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Thanksgiving: A return to tradition
What is a traditional Thanksgiving dinner now, nearly 400 years after what historians call The First Thanksgiving? We think turkey and sides, except the wild turkeys then were nothing like the Butterballs now, or even what our grandfathers might have brought home from their factory jobs for our grandmothers to cook.
That’s what my maternal grandfather, the great Frank Hugh, did. But my grandmother Yok Ping let my Uncle Eric roast the bird. He was American as all get-out and was even once crazily courted to be a young Chinese Elvis before he joined the U.S. Army. But his Thanksgiving turkeys were rubbed with black bean and garlic sauce, then chopped up like Chinatown ducks. Delicious though differently traditional.
This year, after quite frankly what’s been one of the most divisive years in our lifetimes, we wanted traditional Thanksgiving recipes, with a nod to indigenous and immigrant flavors.
For the turkey, I turned to our history. Poring over a decade of recipe archives, I was drawn to one of columnist JeanMarie Brownson’s recipes but swapped in maple syrup for the brown sugar, then added a finish of smoked salt, for a kiss of sweetness and fire.
Award-winning Chicago chef and restaurant owner Iliana Regan is also a master forager. Her recipe for buttered chanterelles can be found in the new “Cherry Bombe: The Cookbook” from the indie magazine of the same name that celebrates women and food irreverently. Regan may use mushrooms from the woods around her family farm in Indiana, but you can substitute what’s available in stores.
Tribune test kitchen chef Mark Graham shares his recipe for crispy Indian-spiced Brussels sprouts. He thoughtfully blanches what can be tough little buggers before roasting them until tender and intensely flavorful with familiar fall spices. Graham carries that warmth to this year’s cranberry sauce, adding a whisper of evergreen herb.
Plus I offer my own nonrecipe recipe for roasted root vegetables seasoned with a lazy vinaigrette, for fellow plant-based feasters.
We give thanks for not only the harvest, as our ancestors did, but the hope to imagine a happy Thanksgiving 400 years in the future where our best traditions endure.
Roast Turkey Kissed With Maple And Smoke
Prep: 45 minutes
Brine: 4 hours or overnight
Cook: 3 hours
Makes: 12 to 14 servings
1 turkey, 13 to 15 pounds
2/3 cup maple syrup
1/2 cup coarse (kosher) salt
1/2cup bourbon (optional)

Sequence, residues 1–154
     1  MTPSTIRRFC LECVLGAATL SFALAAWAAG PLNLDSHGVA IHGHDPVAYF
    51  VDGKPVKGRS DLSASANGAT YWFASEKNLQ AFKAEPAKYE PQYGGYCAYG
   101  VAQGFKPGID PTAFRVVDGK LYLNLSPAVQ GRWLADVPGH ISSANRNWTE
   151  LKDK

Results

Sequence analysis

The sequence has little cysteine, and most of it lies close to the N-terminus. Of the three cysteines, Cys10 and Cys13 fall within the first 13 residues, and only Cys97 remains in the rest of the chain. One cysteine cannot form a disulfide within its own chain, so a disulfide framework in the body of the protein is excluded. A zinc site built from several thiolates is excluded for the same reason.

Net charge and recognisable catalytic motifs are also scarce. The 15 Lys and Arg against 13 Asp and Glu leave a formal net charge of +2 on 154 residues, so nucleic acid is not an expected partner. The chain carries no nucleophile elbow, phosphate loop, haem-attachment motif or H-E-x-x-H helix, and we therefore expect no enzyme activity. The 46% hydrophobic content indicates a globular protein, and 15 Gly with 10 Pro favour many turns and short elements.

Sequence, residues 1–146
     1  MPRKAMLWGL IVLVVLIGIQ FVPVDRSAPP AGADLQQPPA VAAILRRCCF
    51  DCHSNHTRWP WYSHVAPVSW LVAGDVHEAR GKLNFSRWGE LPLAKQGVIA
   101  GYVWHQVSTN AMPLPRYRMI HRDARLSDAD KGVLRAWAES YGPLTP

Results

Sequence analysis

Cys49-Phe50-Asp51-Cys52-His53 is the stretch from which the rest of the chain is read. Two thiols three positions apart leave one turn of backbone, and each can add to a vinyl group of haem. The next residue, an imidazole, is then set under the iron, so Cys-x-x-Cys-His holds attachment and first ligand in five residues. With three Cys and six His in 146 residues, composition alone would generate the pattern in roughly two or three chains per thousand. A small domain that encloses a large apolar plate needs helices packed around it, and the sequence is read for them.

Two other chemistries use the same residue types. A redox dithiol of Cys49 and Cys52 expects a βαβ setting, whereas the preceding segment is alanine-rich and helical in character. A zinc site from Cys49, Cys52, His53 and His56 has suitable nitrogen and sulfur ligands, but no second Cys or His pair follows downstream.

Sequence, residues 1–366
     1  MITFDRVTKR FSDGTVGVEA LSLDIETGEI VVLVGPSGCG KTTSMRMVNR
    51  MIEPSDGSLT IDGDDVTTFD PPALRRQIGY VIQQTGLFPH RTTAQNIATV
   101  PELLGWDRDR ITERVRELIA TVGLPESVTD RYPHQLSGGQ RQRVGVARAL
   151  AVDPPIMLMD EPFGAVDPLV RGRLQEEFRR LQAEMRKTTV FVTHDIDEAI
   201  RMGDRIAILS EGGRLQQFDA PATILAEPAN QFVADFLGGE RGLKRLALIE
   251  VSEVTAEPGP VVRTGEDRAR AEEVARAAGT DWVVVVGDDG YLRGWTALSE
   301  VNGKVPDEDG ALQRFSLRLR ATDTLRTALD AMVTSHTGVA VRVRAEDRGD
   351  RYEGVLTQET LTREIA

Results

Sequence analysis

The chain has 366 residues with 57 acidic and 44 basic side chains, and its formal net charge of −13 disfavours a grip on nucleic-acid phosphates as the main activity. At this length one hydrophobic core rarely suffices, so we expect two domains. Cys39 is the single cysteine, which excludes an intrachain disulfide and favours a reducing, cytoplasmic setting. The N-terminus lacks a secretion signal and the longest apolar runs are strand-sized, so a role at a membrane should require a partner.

1 tablespoon crushed red pepper
1 large sweet onion, roughly chopped
1 bunch parsley
Salt and black pepper
2 tablespoons bourbon (optional)
Remove any neck and giblets packages from turkey cavity.
For brine, add 2 cups hot water, maple syrup and salt to a food-safe container large enough to hold the turkey. Stir until syrup and salt dissolve. Add 2 cups cold water, 1/2 cup bourbon and red pepper. Carefully place turkey in brine. Add enough cool water to cover turkey completely. Refrigerate at least 4 hours or overnight. Remove turkey from brine. Discard brine. Refrigerate turkey up to 2 days.
For broth, put giblets and neck into a deep saucepan. Add about 3 cups cold water. Simmer, about 2 hours. Strain into a bowl. Remove solids for snacking. Refrigerate broth for up to 3 days.
Heat oven to 375 degrees. Place turkey in large roasting pan, breast side up. Add some onion to turkey neck cavity, close loose skin over and tuck wings under back. Add remaining onion and parsley to body cavity; close loose skin over.
Rub oil all over, then season well with pepper and salt. Carefully pour 2 cups of broth into pan. Roast, 30 minutes.
Reduce oven temperature to 350 degrees. Continue roasting turkey, turning pan as needed for even browning. After about 2 hours, insert thermometer into thickest part of thigh but not touching bone. When turkey temperature reads 160 degrees, increase oven temperature to 450 degrees; roast until skin browns, about 10 minutes.
Carefully remove turkey to a cutting board; tent loosely with foil. Let stand about 15 minutes; temperature will rise about 10 more degrees, getting it above the recommended safe temperature of 165 degrees.
Meanwhile set roasting pan with pan juices directly on burners. Heat to a boil while scraping up browned bits at bottom of pan. Remove onion and parsley from turkey. Carefully blend into pan sauce with immersion blender, or chop well then add. Add remaining broth only as needed. Reduce until thickened as desired. Off heat, add bourbon; season with salt, pepper and vinegar to taste.
Serve turkey with pan sauce, finished with freshly ground black pepper and smoked salt to taste.
Nutrition information per serving (for 14 servings): 507 calories, 17 g fat, 5 g saturated fat, 276 mg cholesterol, 9 g carbohydrates, 74 g protein, 579 mg sodium, 1 g fiber
Crispy Indian-spiced Brussels Sprouts